No, not at all. I didn't get anything out of University. Instead of wasting 4 or 5 years and learning stuff in theory, you might as well try to get real experience in a company or startup. And after 4 or 5 years, you've probably seen enough things that prepare you much better for your career than any University could do. This is, of course, assuming that software development is what you’re interested in.
Going back to the present, what do you find most rewarding about your current role at Talenthouse?
What I find really rewarding is knowing that I work on something that actually makes the life better for real people.
So a lot of Silicon Valley startups talk about how they make the world a better place, but in our case we actually do. Our company is about liberating artists worldwide, we give them opportunities that they couldn't get otherwise.
We have many stories from aspiring artists all over the world, who now suddenly work directly with brands like Adidas, Microsoft or Coca Cola. They wouldn’t have had the chance with Talenthouse. So knowing that we do something that actually makes a real difference in the world is very rewarding for us.
Is there any career advice or wisdom you've ever received which you'd like to share with us?
One piece of advice that I received from Mark Suster who is an investor in Los Angeles and really stuck with me is when he told me "Okay, there is this scale from learn to earn, and whenever you make a career move in your life, you can think about it as to where on that scale you want to be."
So, learn would mean that you join an early-stage startup where you get really exposed to things. On the other side you have earn, where you go all in and try maybe a larger company and take out a bigger piece of money, but on the other side you won’t advance yourself as much.
So making a deliberate choice about where on the scale you want to be, I think is a good way to think about your next career move.
Can you share some tools you are using on a daily basis in your role as Chief Product Officer?
Internally, we use Slack very actively for all communications within the team but also within the larger company.
Is there any approach or technology you would like to explore more if you had more time?
Totally, right now we are looking into graph databases to help us solve some of the problems that we have with creating a graph through our members of the community.
We are looking heavily into react.js as a way to improve rendering for our website on the front end. Those would be two big areas where we’re getting into at the moment.
How do you handle software testing at Talenthouse? Are there any dedicated QA resources?
We don't have a dedicated QA team but we have a quite sophisticated process that we manage through a Trello board. So every ticket, every task, starts with a requirement that can be accompanied by input from our user interface designer. As it moves through the stages, there are always multiple people who test and verify the correct implementation.
For critical things, we also use automated test that run fully integrated as part of our continuous deployment process on our build server. Using Scala, which is a statically typed language, we don’t feel we need the overhead of writing tests for every aspect of our web application. This combination has worked very well for us so far, but as always, we may need to adapt our approach as we further grow our teams.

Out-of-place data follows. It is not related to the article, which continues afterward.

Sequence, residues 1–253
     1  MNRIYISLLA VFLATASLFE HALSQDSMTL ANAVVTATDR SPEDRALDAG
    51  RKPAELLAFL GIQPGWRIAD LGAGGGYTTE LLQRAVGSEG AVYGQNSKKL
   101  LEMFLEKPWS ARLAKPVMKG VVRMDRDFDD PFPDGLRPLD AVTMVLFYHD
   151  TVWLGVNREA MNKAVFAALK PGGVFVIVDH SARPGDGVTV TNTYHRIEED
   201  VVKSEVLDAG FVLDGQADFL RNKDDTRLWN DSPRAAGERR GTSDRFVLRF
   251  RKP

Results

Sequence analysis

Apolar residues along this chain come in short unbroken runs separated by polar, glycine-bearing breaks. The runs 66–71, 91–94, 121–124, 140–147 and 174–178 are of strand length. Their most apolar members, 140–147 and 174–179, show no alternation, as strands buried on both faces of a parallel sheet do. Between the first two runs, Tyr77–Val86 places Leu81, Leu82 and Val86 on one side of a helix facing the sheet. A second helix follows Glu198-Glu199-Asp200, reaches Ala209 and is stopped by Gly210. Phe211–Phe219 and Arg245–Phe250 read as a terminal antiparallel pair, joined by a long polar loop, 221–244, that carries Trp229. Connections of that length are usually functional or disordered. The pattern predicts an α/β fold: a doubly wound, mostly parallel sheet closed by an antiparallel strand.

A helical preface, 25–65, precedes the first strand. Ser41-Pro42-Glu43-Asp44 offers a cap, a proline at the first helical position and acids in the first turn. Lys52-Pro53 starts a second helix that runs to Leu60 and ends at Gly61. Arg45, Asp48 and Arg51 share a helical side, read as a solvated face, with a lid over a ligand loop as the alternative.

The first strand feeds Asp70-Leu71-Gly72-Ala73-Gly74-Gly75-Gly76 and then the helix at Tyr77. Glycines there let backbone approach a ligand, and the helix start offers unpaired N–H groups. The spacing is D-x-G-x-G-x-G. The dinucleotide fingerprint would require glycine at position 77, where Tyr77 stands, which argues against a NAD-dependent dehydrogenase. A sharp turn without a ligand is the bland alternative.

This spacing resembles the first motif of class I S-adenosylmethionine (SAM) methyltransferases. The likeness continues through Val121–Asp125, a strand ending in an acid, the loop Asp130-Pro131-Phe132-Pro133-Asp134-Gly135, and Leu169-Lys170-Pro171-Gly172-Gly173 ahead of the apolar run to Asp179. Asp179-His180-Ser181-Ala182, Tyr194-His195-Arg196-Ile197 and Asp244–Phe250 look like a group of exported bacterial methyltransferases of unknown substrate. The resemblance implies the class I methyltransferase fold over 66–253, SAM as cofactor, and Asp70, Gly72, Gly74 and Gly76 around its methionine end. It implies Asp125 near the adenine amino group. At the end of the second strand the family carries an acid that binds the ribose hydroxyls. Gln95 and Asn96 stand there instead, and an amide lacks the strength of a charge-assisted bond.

Are you using any bug tracking tool?
Other than Trello, no. We try to stay very lean and integrate bugfixes directly into our main workflow. Building a long backlog of bugs that will never get fixed anyways doesn’t work very well in our scenario. Either fix it now, or leave it.
What would you call your big passion about building software?
I don't think about it as building software, I think about it as building a product. I think that's an important notion, because building software just for the sake of doing it, doesn't do anything, right?
Building a product that makes a real difference in people’s lives, I think is much more rewarding.
I am really passionate about knowing that whatever we create gets out into the hands of hundreds of thousands of people immediately. And that can be very gratifying.
Is there any advice you would give yourself as a 14 year old?
That's an interesting one. I guess, nope, I don't think so. I think the process of discovering all these things first-hand, the process itself has a lot of value. I made a lot of mistakes in my own startups, and I’m sure I will continue making tons of mistakes, which is good.
I think the process of making mistakes is very valuable.
You can't shortcut this by telling somebody this is the way to do it, they have to learn it and experience it themselves to get the aha moment.
How do you think will the product of Talenthouse evolve in the next few years?
What we are really aiming for is creating a platform where artists, consumers, and creators can connect and engage with each other. Soon, we will be launching an art feed, and this will be a central experience where we bring together all these individual pieces that we have on Talenthouse already. The millions of content pieces and hundreds of thousands of active users will come together in one experience that's highly personalized and highly customized for each user. I think this will be huge.
Are there any resources you would recommend to other people who'd like to get started in product management for tech-/software companies?
I think for product management, it has long been a very undefined role. What is a product manager? You will get 10 different answers if you ask 10 different people. I think that will change. I think the definition of product management will become more precise, but also it will become more science and data driven.
One book that I recommend for everybody who is even remotely interested in product is called Hooked from Nir Eyal.
I think what we will see is that a lot more research and actual knowledge will go into product management as opposed to just guessing what next feature will make a difference. So preparing yourself with this knowledge is key to breaking into that role.
How do you handle new feature requests at Talenthouse?
We get a lot of different ideas and requests from all sides of the business. There is no specific process to it, but I think having a solid framework for prioritization is really important. What is the bigger product strategy that you’re following? Will this bring us closer to our shared business objectives?
One model that I find particularly useful to do that is called the Kano model. It’s a good start if you want to establish this solid framework that allows you to make these types of decisions with some degree of confidence.